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Costume Design: #Oscar Nominated Designs of Sandy Powell for Carol

If life is fair—and I’m not at all sure that it is—costume designer Sandy Powell will walk onto the stage Sunday night and accept an Oscar for her work on Carol. Although it’s possible she could take the win for Cinderella, her gorgeous take on early 1950’s fashion on the sidewalks of New York seems more likely. Either way, she’s dressing her muse, Cate Blanchett; Powell’s designs for Blanchett in The Aviator earned Powell one of her three Oscar wins out of a dozen nominations.
Let’s take one more look at the costume design via Powell’s interviews with The Fashionista and The Wrap. 
Powell told The Fashionista that to help formulate the look for Cate Blanchett’s character she looked at a lot of fashion magazines, including vintage Vogue and Harper’s Bazaar, from the actual period— the winter months of 1952 going into 1953 —  “and that pretty much that gave me all the shapes, all the color tones, everything that I needed.”  
VOGUE AD: 1952

“Carol is particularly interesting because it is 1952, and 1952 is not the Fifties people think of because it still looks like the Forties. It is a transitional period so the silhouette was going from the wide-shouldered look of the Forties to the more streamlined look of the Fifties, so it was really really exciting to do”  

“I looked at the specific fashion photographers like Gordon Parks, Clifford Coffin and Cecil Beaton, and if you pick up any magazine from 1952, that is the silhouette you will see. In order to create that silhouette, I had to start with the undergarments. That's not Cate’s natural silhouette — she doesn't have pointed bosoms [laughs]. Believe it or not, a lot of the jacket shapes are actually padded over the hips to give that hip shape and the small waist and the bras provide that shape of the bosom. So you create the silhouette from the foundation garments and build the clothing over the top.” 
Powell designed a look for Cate Blanchett to highlight Carol’s wealth, she wanted the clothes to “place her in her world” of privilege. “But I also wanted to use a paler palette for her–she doesn’t ever wear black or anything too dark.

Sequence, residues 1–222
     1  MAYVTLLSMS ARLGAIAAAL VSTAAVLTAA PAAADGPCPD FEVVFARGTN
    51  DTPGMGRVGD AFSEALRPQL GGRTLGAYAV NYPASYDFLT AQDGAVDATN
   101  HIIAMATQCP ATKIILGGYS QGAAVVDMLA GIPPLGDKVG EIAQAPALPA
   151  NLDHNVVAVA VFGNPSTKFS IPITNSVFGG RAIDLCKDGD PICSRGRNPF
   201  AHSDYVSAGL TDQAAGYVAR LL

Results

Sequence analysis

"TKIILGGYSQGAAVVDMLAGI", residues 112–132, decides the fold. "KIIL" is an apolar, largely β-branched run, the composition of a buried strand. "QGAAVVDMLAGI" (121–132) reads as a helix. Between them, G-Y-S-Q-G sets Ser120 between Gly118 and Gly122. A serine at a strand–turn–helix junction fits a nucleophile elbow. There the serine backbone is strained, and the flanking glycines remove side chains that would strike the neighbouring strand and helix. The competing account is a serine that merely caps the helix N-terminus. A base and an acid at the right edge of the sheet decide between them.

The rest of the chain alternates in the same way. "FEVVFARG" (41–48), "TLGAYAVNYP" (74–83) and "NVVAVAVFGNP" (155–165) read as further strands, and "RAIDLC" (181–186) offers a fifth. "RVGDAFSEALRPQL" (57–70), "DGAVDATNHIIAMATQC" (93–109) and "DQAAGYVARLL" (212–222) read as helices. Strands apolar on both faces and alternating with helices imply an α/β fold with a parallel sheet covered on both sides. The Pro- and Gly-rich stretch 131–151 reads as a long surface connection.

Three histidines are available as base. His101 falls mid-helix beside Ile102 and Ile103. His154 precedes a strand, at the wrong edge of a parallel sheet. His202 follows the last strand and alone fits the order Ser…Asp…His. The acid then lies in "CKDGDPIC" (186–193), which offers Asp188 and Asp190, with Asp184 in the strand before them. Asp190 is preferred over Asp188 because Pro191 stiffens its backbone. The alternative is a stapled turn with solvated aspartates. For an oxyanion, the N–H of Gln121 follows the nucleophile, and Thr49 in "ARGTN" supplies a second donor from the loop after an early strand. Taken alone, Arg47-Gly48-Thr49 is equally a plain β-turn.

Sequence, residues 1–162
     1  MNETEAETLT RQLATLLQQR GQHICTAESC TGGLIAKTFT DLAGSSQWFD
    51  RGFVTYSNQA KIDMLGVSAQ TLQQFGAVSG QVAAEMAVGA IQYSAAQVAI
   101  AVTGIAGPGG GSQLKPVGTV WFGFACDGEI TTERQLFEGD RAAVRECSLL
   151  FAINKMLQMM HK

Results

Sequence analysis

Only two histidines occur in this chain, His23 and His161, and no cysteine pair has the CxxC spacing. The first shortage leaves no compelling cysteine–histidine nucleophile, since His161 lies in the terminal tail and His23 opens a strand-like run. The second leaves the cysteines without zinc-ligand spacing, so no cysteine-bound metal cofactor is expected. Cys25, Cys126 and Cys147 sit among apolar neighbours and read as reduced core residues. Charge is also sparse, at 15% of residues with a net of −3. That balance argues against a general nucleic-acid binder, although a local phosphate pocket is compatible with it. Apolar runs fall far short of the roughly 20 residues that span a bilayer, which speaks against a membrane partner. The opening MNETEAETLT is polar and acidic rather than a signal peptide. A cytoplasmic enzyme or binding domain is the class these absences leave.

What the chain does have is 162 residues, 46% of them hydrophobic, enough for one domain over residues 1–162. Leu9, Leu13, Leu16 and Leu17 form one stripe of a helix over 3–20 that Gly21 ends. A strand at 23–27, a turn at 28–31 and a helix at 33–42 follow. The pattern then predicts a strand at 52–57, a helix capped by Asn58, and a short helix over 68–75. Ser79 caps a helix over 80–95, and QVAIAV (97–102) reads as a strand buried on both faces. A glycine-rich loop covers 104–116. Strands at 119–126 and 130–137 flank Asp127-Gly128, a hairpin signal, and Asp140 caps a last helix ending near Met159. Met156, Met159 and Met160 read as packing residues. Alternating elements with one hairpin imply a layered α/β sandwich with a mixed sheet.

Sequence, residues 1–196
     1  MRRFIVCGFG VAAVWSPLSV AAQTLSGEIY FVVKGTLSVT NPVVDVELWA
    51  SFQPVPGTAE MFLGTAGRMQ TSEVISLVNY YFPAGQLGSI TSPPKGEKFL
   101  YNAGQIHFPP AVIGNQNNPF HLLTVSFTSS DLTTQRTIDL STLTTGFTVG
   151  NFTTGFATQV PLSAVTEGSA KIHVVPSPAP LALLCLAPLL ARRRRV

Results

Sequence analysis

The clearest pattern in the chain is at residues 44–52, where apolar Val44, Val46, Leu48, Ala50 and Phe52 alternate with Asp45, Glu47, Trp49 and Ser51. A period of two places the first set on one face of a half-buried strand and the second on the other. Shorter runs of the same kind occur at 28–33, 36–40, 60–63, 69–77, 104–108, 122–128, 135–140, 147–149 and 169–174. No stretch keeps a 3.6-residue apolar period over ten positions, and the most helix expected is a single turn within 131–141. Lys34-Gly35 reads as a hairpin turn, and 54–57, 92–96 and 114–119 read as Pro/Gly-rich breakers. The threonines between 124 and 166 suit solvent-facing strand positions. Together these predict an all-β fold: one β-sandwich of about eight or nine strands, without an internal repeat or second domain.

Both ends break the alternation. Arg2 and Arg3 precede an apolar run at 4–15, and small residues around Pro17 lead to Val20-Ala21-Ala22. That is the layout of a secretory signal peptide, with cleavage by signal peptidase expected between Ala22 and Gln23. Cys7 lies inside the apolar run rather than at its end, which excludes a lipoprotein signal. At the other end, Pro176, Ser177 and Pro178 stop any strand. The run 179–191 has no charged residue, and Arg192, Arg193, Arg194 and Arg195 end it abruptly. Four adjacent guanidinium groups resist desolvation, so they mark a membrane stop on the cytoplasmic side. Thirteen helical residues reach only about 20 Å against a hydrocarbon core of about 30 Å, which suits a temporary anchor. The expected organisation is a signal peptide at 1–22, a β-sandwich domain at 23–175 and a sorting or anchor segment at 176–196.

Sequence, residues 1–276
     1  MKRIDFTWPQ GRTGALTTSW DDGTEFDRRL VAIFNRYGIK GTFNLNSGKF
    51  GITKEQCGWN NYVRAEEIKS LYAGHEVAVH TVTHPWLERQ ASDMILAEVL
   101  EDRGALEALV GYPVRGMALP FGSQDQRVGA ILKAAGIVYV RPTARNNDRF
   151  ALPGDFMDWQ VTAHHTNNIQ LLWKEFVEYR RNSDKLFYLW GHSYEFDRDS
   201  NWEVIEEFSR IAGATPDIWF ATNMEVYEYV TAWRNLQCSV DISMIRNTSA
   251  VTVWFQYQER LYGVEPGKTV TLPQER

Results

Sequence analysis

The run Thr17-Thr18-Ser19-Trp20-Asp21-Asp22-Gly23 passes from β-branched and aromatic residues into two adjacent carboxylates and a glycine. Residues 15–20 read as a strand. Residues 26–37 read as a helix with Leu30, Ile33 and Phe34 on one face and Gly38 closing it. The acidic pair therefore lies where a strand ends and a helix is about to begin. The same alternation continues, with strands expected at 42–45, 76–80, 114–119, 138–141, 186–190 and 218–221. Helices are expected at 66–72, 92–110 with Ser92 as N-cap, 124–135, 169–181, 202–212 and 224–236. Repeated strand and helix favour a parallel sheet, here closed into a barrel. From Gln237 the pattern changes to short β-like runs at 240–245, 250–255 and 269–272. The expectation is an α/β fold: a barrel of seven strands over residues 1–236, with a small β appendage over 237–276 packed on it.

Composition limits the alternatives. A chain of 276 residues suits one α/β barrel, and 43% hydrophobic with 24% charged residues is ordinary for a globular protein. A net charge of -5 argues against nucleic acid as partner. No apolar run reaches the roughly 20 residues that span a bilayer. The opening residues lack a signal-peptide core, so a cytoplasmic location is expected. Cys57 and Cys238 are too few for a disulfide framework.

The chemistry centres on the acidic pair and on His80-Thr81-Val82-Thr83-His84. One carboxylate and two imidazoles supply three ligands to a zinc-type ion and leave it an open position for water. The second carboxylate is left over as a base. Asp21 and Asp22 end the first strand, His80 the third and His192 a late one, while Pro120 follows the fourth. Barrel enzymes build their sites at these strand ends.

When you see the Carol and Therese first meet in the toy section of the department store where Therese works, it's almost love at first sight. What went into choosing the wardrobe pieces for that important moment?

For Carol, I wanted very specifically to have [her wear] something that would stand out from everybody else [in the department store] without looking like she wandered into the wrong shop. The fur coat was completely normal for the period and that's one of the things that came directly from the book. In the script, she's seen wearing the fur. But the color of the fur to me was really crucial in that I wanted a fur that was a slightly unusual color. It's pale, it's not a normal darker brown, and I think there's something rather luxurious and sophisticated about a pale color fur and [it also goes] with [Blanchett's] blonde coloring. Then I used the coral color for the scarf and the hat to be seen against that fur from the other side of the room. 

The leather gloves that Carol leaves at the department store counter for Therese to return leads to their developing relationship. The gloves are a pivotal plot point...

Yeah, the gloves are a key, key feature. And the gloves are tonally the same color as the taupe dress Carol wears underneath [the fur]. She does have a pair of coral gloves that she wears later and I was toying with the idea of using those, but then I thought that would be too obvious. I don't know why. Maybe I should have used the coral, but we used the taupe, which were just expensive-looking gloves.
Carol looks so put together and her jewelry and accessories are so impeccably matched. Where did you find those pieces?
I made the scarves and the hats. The scarves I dyed because I wanted that specific coral color and then they matched [Carol's] nails and lipstick. Her jewelry was loaned from various estate jewelry [collections, plus] Fred Leighton and Van Cleef & Arpels lent us pieces. All her shoes are made by Ferragamo based on their original 1950s and 1940s shapes and original patterns. I bought vintage bags from the period as well.

For Therese, she looked ‘a little bit at fashion, but she’s not very fashionable. [I tried] to find pictures of real people, real young women, students and arty types in the street.’ 

As Powell told the Wrap ‘she looked for clothing that leaned to dark colors and wouldn’t have cost a lot of money. “She’s a shopgirl, probably recently out of art school — she dresses practically, for comfort, but with a touch of bohemian-ness. 
And then at the end of the film, when she gets a good job, I assumed that she spent her first wage packet on a new outfit.”
Sandy Powell competes against herself for Cinderella, Paco Delgado for his stunning transformative work in The Danish Girl (we looked at that here), Jacqueline West for The Revenant and Jenny Beavan for Mad Max: Fury Road.

If you were a member of the Academy, who would you vote for?

Here’s another look at Cinderella.